"It was dreary but seldom calm, Corporal Dashiell Hammett wrote: "There was a guage to measure the wind, but it only measured up to 110 miles and hour, and that was not always enough."
At Cold Bay, soldiers for the 260th Transportation Battalion built a hut for their day room (with 6X6 studs and joists stolen on a moonlight requisitioning sortie from Navy ships). Wind rolled the building away. The soldiers set it right-side-up and anchored it down with steel cables imbedded in concrete. After that the hut stayed put, but it was the only permanent above-ground structure in the area. Throughout the Aleutians in the next two years, the rule was dugout architecture. . .
The weather, "Made in Japan," lent truth to standard jokes: "It's too thick to fly if you can't see your co-pilot."
"Stick your hand out. If it touches a ship's mast, you're flying too low."
One pilot claimed he followed a duck because he knew it wouldn't fly into a cliff. Unmak used "a 500 pound bomb for a windsock." A PBY pilot claimed a seagull landed on his wing; convinced that weather too thick for Hannibal the Hitch-Hiking Gull was too thick for a PBY, the pilot landed his seaplane on the water, and watched the gull jump off and go away - swimming. (p. 125)
The stories were not always apocryphal. It wasn't unusual for flights of B-17s to fly at 25-foot altitudes, so that pilots could follow the sea wake of the airblast from the leading plane's propellers. On a socked in July day, three bombers landed at Cold Bay at six-minute intervals: the first found the runway fogged in, the second found a clear 5000 foot ceiling and landed easily, and the third couldn't find the field in the fog. "The weather," wrote Wheeler, "goes up and down like a whore's drawers." (pp. 125-126)
Headwinds sometimes made it six hours to target and two hours back. The noisy wind often blew west at one end of the runway and east at the other. In a signle cloud front, a bomber could pick up a ton of ice.
At Umnak, PFC Edward O. Stephens invented a wind-driven washing machine. Others boiled their laundry in discarded metal drums. When they hung clothes out, they took three days or more to dry. . .
From Cold Bay and Umnak the air warriors saddled the weather and rode it out to Kiska and, usually, back home. It was a hell unlike any other. Constant turbulence tossed airplanes like kites. Ground crew mechanics learned to hate the unstable Aleutian air. It twisted airframes, wrecked fuselages, stretched and loosened rivets, bent wings. It shook up cockpit instruments and threw them out of whack. It clogged carburetors. It loosened window seals, rusted landing-gear oleos, ruined fuel lines, shook engine mounts loose, gummed guns, froze bomb-bay rack releases, and fouled hydraulic systems. It killed.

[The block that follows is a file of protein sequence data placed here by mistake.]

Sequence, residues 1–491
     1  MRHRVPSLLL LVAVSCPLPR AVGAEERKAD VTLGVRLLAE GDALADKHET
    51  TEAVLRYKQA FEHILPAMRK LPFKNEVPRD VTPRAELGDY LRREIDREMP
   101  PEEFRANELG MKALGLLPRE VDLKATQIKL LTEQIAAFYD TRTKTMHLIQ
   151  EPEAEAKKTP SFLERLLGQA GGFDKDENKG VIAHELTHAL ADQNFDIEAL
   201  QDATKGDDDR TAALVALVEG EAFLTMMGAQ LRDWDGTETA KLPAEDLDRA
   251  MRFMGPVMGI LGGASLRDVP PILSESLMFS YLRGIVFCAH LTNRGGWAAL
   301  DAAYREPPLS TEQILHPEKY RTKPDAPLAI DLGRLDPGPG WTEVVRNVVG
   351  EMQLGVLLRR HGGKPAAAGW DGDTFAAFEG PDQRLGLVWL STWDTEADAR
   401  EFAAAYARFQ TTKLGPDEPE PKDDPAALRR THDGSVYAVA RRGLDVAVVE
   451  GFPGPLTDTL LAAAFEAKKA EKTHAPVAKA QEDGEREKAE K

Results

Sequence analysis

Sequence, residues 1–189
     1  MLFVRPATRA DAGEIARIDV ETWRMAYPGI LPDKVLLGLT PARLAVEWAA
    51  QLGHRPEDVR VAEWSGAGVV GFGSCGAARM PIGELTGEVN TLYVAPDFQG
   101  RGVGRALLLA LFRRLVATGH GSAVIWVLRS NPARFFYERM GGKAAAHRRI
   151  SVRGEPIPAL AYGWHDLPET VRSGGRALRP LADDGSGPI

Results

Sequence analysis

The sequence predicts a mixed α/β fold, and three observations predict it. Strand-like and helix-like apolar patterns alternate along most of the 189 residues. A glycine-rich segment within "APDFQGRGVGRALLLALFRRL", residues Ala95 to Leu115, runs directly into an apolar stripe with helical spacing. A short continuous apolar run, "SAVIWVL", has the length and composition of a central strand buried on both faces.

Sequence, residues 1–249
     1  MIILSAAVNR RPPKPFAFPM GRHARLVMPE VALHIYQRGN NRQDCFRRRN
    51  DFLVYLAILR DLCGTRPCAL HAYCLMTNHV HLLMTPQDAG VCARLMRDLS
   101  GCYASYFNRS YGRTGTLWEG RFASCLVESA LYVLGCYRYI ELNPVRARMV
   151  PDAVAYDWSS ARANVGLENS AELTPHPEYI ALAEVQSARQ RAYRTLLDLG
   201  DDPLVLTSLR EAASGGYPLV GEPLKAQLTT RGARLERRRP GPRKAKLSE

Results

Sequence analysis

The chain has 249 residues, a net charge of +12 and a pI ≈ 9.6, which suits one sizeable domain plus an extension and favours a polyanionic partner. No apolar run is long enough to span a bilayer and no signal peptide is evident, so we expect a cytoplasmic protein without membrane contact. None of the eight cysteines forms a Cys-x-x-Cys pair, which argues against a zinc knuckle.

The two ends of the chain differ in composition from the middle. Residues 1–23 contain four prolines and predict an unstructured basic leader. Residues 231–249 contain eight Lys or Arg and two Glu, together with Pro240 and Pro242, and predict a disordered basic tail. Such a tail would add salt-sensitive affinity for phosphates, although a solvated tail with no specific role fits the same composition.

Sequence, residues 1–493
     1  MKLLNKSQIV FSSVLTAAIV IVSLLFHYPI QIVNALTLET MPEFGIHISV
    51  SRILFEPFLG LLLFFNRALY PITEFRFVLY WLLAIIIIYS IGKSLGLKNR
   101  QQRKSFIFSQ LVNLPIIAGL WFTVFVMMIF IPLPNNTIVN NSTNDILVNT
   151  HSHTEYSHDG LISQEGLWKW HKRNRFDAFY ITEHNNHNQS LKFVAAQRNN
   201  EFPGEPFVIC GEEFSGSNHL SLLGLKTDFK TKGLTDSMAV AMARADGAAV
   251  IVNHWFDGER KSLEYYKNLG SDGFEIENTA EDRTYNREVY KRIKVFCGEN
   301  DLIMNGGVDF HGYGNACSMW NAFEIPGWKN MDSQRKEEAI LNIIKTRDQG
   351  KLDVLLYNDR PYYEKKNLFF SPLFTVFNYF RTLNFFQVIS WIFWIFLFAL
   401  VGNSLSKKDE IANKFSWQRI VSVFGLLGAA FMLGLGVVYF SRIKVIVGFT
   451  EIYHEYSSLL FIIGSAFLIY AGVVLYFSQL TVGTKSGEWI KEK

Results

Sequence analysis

The groundling grease monkeys seemed to keep the planes flying with nothing but skyhooks, rolling their own spare parts with hand-bellows forges and hammers, maintaining aircraft outdoors in williwawas with only flashlights and truck headlamps for illumination. The chief stockpile of repair parts was wrecked planes. There were no inspectors, but the ground crews never failed to make a repairable plane airworthy within twenty-four hours. It sometimes took four back-breaking hours in gale winds to refuel a B-17 by hand, pouring gas through a chamois filter. Colonel Everett S. Davis wrote to Hap Arnold, "Don't figure on getting any serviceable planes back from us. We have been hard on them." (p. 126)The kind of weather the Kulluk encountered is nothing out of the ordinary. It's nothing that Shell's contingency plans shouldn't have planned for.
And the book's description of the war is in sharp contrast to the heroic and nationalistic tone of this Academy Award winning 1943 documentary about the airbase in Adak that bombed the Japanese base in Kiska daily. The end of the film shows an actual bombing raid from Adak to Kiska.
This original comes from the internet archives which has this description:
Director John Huston, while a member of the U.S. Army Signal Corps in 1943, creates an Academy Award winning documentary, which he narrates with assistance from his actor father Walter, treating of the Armed Forces' successful effort to prevent the fall of the Aleutian Islands to advancing Japanese troops who had captured several islets. Although no claim can be reasonably made that this location was of major strategic importance during the War, it presented enormous tactical and logistic difficulty for those assigned there, and Huston's color film demonstrates the determined ensemble work upon the outpost of Adak by a wide range of military specialists who combat loneliness and boredom along with notably severe weather conditions. The work was made over a six month period, and is climaxed by the preparations for, followed by an actual filming of, a bombing run over Japanese-occupied Kiska, wherein Huston nearly lost his life, and which is significant for its combat footage and for the atmosphere of suspense present in the viewer who wonders if all will return safely.It's very much a war propaganda movie making this sound much better than they were, as this comment reflects:
Reviewer: jimelena - 3.00 out of 5 stars - December 2, 2005 Subject: Progadanda. My dad was in the Aleutians during WWII so I watched this. This is a propaganda film. It does not begin to relate the huge mistakes made, the tragedy upon tragedy, or the reasons why it is known as "the forgotton war". Maybe someday the truth will come out but even 60 years after it is still too sad, too horrible, to be remembered for what it was.The Shell announcements about the Kulluk have the same flavor as the movie. They acknowledge problems (the movie even showed a burial of a pilot) but everyone is a hero, cooperating 100%, to achieve the goal. The book tells a very different story.